Believe it or not, according to a recent NPR report, housing purchases have actually increased during coronavirus! It seems more are buying affordable away from the cities now that they can work from home. If you are one of these individuals, putting down that first offer can feel overwhelming and nerve-wracking! But if you avoid these mistakes when putting an offer down on a house, you’ll be well on your way to a great deal.
One of the biggest mistakes you can make is forgetting to get pre-approved for a mortgage, obtaining offers without doing so first. However, if it comes down to it, you’re much more likely to recieve a great rate on the mortgage if you’re pre-approved. As such, it’s best to gain pre-approval from a couple of lenders; that way, sellers will feel confident in your abilities. You can do this by heading to their websites. Note: this might take some time; however, it’s well worth it!
One of the most important parts of purchasing a new home is doing proper research. Unfortunately, even with social media at their fingertips, many forget to do so. Take some time and looking into real estate agents, banks, home sellers, and so on. Of course, take extreme reviews with a grain of salt. However, if you find consistent bad reviews for one party or another, it’s certainly worth staying away from them! Meanwhile, research into banks and lending parties will ensure you score the cheapest deal on a mortgage or loan.
Looking For A New Home
Once a buyer has a budget for their home, based on their mortgage or savings, its time to start looking for a new home! Real estate experts have one major rule here: do not become attached to one home. Yes, the house might have great natural light and a swimming pool. However, if the seller cannot be trusted or the home has aging pipes, it’s better to simply move on than try to make the deal work.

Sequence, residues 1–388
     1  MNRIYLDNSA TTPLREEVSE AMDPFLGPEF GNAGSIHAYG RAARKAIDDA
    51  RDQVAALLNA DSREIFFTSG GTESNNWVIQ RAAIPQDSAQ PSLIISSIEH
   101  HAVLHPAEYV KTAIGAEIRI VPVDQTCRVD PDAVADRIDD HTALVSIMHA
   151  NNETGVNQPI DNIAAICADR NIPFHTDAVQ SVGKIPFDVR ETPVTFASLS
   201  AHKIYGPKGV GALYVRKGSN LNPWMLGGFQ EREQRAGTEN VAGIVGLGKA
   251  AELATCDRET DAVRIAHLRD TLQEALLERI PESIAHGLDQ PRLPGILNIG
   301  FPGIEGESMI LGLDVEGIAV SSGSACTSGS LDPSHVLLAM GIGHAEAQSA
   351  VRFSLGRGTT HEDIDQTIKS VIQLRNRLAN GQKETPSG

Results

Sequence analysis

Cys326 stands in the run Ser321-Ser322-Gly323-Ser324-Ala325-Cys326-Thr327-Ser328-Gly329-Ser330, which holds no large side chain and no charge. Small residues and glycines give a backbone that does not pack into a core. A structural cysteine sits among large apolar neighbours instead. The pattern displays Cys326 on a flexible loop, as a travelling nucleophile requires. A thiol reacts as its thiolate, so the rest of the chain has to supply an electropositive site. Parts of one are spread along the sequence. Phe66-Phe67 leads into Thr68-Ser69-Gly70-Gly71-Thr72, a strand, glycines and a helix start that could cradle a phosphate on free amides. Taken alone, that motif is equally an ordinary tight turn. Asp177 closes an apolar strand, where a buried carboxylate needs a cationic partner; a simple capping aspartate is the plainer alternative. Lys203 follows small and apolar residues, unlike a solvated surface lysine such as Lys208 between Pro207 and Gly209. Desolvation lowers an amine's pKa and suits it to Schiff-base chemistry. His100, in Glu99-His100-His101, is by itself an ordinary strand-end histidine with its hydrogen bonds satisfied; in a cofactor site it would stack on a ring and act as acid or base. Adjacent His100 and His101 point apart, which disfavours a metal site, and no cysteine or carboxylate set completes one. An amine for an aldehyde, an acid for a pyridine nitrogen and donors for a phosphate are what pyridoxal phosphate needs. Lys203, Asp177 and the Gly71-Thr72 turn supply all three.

Don’t get attached to one location just because it has a beautiful porch that reminds you of your grandpa’s or a man cave instead of a basement. Instead, find the home that will best serve you in the decades to come. As such, real estate experts recommend having at least a few backups before making your first offer.
Making The First Offer
So, it’s finally time to make that first offer! When many buyers are ultimately approved for a loan, they sometimes see dollar signs and forget about their initial, often smaller, goals, instead of wanting to bid the entire amount of the home of their dreams. However, it’s quite clear the pitfalls of this plan. First, and most obviously, there’s no cushion room should costs increase. Meanwhile, many sellers don’t like seeing buyers bid their entire pre-approved amount for the exact same reason. So, its much better to set a limit on how much of the loan you would like to bid, preferably leaving anywhere from 25%-10% untouched.
So, if a buyer shouldn’t bid the whole amount, they should lowball, right? Well, only to a certain extent. Remember, you’re not buying a table on Facebook – its a house! There is an element of “you get what you pay for” at play. Of course, when sellers see a way-too-low bid, they can also feel offended and stop negotiations altogether. So, while it’s a good idea to start low, just make sure not to start too low!
When you reach a deal with a real estate agent, make sure to not list too many contingencies in the deal. This can often lead a seller to balk. Outside of a home inspection before sealing the deal, but don’t make too many rules – the seller will feel uneasy. In most markets, keep the requirements to the minimum required.
Sources: Mortgage AfterLife, The Mortgage Reports.